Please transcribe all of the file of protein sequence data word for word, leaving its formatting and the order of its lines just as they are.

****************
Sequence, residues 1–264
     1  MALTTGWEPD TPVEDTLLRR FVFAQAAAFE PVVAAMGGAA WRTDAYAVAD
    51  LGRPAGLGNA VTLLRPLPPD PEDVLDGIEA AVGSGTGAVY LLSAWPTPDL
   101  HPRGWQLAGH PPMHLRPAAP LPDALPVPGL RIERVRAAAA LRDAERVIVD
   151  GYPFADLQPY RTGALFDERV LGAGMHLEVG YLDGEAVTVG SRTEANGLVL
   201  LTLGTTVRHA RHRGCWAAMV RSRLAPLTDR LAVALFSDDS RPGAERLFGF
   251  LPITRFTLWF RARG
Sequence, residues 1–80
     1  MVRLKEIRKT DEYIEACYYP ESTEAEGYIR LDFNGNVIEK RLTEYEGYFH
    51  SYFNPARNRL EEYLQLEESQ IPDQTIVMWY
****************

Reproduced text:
Sequence, residues 1–264
     1  MALTTGWEPD TPVEDTLLRR FVFAQAAAFE PVVAAMGGAA WRTDAYAVAD
    51  LGRPAGLGNA VTLLRPLPPD PEDVLDGIEA AVGSGTGAVY LLSAWPTPDL
   101  HPRGWQLAGH PPMHLRPAAP LPDALPVPGL RIERVRAAAA LRDAERVIVD
   151  GYPFADLQPY RTGALFDERV LGAGMHLEVG YLDGEAVTVG SRTEANGLVL
   201  LTLGTTVRHA RHRGCWAAMV RSRLAPLTDR LAVALFSDDS RPGAERLFGF
   251  LPITRFTLWF RARG
Sequence, residues 1–80
     1  MVRLKEIRKT DEYIEACYYP ESTEAEGYIR LDFNGNVIEK RLTEYEGYFH
    51  SYFNPARNRL EEYLQLEESQ IPDQTIVMWY